Mark Rothko, neé Marcus Rothkowitz, was born on September 25, 1903 in Dvinsk, Russia (today Daugavpils, Latvia). Rothko and his family migrated to the United States when he was ten years old and settled in Portland, Oregon. In 1921 Rothko attended Yale University, however, in the fall of 1923 he gave up his studies and moved to New York City where he enrolled at the Art Student League briefly studying under Max Weber. In the late 1920s Rothko met the artist Milton Avery and was profoundly influenced by his simplified and colorful depictions of domestic subjects.
From 1942 to 1947, Rothko worked in association with Gottlieb and had a special interest in the Surrealism, drawing upon Greek mythology, primitive art, Christian tragedy and Symbolism by way of contrast with a period dominated by anxiety and sadness and the worst years of World War II. His works became horizontal shapes with new experimentation of techniques, leading to the development of luminosity. Rothko began to experiment with horizontal bands and worked on larger scales than he used to do before.
In 1945, Peggy Guggenheim organized a solo exhibition of Rothko's work at her Art of this Century gallery, New York. By 1947, Rothko discontinued the use of mythology theme, and worked more on abstraction. Linear elements were progressively eliminated and asymmetrically arranged patches of color became the basis of Rothko’s compositions. He began to paint the edges of his stretched canvases, which he displayed without confining frames. He also abandoned the entitling of his work to create a pure interpretation in the viewer’s eyes. By the 1950’s, his paintings were made of two or three rectangles, at most four and moved on larger canvases. In the late 1950’s his palette of colors became darker, a development related to his Seagram murals, commissioned for the Four Seasons Restaurant in 1958, the first of three other mural projects.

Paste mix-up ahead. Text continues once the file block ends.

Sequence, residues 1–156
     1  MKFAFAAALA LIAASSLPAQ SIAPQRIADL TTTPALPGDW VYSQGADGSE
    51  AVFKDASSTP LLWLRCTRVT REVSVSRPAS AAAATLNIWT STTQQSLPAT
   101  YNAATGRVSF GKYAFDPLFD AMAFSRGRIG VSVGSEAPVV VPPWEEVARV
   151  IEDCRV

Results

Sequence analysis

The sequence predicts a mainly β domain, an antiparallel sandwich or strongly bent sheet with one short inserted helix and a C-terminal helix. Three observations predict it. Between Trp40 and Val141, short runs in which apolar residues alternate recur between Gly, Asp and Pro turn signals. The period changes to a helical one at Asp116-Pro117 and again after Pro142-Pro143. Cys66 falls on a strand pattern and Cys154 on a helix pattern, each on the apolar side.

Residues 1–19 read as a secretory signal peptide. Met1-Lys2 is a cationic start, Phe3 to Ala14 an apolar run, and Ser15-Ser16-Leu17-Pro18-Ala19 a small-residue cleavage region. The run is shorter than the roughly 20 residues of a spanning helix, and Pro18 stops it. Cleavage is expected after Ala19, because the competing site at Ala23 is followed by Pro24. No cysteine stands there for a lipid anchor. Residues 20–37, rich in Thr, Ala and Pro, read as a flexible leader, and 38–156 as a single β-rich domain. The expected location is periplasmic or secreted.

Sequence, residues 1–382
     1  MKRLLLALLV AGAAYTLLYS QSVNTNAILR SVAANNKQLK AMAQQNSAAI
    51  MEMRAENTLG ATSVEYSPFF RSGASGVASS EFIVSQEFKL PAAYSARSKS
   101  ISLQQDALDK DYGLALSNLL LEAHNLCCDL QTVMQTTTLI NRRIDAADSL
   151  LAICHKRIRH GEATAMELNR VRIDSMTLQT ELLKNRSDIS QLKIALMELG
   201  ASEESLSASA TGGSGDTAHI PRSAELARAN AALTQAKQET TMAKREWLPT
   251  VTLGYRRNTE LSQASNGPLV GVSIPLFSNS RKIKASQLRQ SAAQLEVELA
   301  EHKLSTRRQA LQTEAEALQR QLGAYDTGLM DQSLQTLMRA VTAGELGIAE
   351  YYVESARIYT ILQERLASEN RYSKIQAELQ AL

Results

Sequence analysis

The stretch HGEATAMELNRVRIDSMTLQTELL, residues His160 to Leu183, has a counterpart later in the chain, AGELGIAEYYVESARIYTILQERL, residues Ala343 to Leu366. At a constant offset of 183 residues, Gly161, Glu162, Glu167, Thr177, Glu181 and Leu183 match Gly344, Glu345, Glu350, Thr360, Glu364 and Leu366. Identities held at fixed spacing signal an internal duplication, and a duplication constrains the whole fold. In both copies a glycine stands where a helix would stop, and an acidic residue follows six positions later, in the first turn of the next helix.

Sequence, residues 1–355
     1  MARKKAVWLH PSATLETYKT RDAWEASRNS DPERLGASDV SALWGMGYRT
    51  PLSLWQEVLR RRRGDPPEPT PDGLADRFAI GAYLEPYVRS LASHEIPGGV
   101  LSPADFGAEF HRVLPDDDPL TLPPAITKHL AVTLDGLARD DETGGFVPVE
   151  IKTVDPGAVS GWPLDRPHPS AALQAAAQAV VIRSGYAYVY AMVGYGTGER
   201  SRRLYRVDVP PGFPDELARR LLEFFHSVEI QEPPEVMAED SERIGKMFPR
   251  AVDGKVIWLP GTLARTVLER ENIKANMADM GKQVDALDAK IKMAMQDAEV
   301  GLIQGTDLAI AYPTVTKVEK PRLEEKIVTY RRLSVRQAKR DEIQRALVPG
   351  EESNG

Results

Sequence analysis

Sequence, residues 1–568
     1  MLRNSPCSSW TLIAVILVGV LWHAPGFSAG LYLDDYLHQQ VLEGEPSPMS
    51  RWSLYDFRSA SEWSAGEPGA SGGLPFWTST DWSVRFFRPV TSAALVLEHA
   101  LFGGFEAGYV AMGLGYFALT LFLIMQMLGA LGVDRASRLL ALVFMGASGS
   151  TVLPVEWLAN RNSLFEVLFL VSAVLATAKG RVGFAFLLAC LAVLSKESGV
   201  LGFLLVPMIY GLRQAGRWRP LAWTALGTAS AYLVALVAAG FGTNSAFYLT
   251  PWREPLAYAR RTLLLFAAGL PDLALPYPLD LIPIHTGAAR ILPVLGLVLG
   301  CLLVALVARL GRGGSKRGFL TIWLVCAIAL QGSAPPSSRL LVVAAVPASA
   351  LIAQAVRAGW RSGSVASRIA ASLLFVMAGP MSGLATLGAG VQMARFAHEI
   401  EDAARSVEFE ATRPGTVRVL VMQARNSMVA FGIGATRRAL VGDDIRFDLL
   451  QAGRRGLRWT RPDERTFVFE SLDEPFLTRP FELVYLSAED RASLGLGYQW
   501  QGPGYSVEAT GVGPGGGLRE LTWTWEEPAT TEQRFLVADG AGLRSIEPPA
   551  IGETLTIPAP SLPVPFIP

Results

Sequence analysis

His works are included in the Public collections of The Detroit Institute of Arts, Detroit, The Guggenheim Museum, New York; The Metropolitan Museum of Art, New York; The Museum of Fine Arts, Boston; The Museum of Fine Arts, Houston; The Museum of Modern Art, New York; The National Gallery of Art, Washington D.C; The San Francisco Museum of Modern Art, San Francisco; The Phillips Collection, Washington D.C; The Brooklyn Museum of Art, New York; The Cleveland Museum of Art, Cleveland; The Folkang Art Museum, Essen; The Fukuoka Art Museum, Fukuoka; The Hirshhorn Museum and Sculpture Garden, Washington D.C; The Kunstmuseum, Basel; The Modern Art Museum of Fort Worth, Fort Worth; The Museo Nacional de Bellas Artes; Buenos Aires; The Museum of Contemporary Art, Los Angeles; The Smart Museum of Art at the University of Chicago, Chicago; The Tate Gallery, London; The Thyssen-Bornemisza Museum, Madrid; The Walker Art Center, Minnesota; The Whitney Museum of American Art, New York.
Mark Rothko died on February 25, 1970 in his New York studio. A Posthumous retrospective Mark Rothko 1903-1970 was organized at the Museum of Modern Art in 1970.